Umar Hameed 0:35
Hello everyone, today I have the privilege of having Hamish Knox here with us today, he runs a Sandler franchise, he’s a guru in sales he’s written two books on horrible, horrible subjects, one of them is accountability, which no one wants and the other one is creating change, which, once again, no one wants. Hamish, welcome to the program.
Hamish Knox 0:56
Thank you very much for inviting me.
Umar Hameed 0:58
You know, what’s really interesting is this, is people feel very comfortable holding other people accountable but it’s really difficult for themselves to hold themselves accountable. What do you think that is?
Hamish Knox 1:10
Well, there’s a bit of a cliche that helps describe this, but it’s cliche because there’s a grain of truth, which is we judge others by their actions and ourselves by our intentions. So…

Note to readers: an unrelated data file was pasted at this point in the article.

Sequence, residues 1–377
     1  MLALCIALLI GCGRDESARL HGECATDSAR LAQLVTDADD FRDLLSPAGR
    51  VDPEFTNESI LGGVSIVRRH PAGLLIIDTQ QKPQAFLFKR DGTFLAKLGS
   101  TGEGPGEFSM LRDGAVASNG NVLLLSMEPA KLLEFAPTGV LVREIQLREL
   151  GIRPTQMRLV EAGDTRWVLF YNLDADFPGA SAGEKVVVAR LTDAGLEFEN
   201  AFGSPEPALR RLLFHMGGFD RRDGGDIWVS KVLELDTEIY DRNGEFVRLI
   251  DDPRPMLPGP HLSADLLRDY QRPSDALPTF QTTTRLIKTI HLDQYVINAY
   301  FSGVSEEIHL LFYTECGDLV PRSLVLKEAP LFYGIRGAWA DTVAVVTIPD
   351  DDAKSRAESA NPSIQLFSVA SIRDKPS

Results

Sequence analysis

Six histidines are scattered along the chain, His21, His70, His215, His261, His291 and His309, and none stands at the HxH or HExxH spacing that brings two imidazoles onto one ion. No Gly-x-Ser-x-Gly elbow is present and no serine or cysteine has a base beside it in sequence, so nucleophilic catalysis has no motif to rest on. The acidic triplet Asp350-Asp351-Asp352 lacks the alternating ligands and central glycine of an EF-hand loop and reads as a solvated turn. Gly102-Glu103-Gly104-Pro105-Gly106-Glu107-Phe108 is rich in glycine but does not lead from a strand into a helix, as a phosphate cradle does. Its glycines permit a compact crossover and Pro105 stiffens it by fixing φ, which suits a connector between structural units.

Umar Hameed 1:21
Hamish Knox 1:21
…if someone says to us that I’m going to exercise three days a week, and maybe they only exercise two days a week, or we’re aware that they’re only exercising two days a week, and we go, “Yeah, I should exercise three days a week but I’m kind of wanting to watch the bachelorette tonight.”
Umar Hameed 1:36
Hamish Knox 1:37
Well, I’m still a good person, because I wanted to exercise but you’re a bad person because you said you were going to exercise and you did.
Umar Hameed 1:45
Yeah. It’s not amazing how we judge ourselves versus the rest of the universe, because if you ask drivers probably in Calgary, you know, “How would you rate yourself as a driver?” they would rate themselves very good. And how would you rate the average driver? really mediocre or bad, but everybody cannot be very good and very bad at the same time so we have this two sets rules.